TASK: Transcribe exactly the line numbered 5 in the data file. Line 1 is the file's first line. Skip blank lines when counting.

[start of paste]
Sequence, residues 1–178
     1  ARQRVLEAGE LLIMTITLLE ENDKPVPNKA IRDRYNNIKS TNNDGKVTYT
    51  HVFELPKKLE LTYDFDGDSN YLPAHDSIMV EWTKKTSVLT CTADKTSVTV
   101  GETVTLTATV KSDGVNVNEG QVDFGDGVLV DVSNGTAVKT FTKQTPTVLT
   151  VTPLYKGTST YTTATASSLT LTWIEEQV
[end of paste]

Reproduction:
   151  VTPLYKGTST YTTATASSLT LTWIEEQV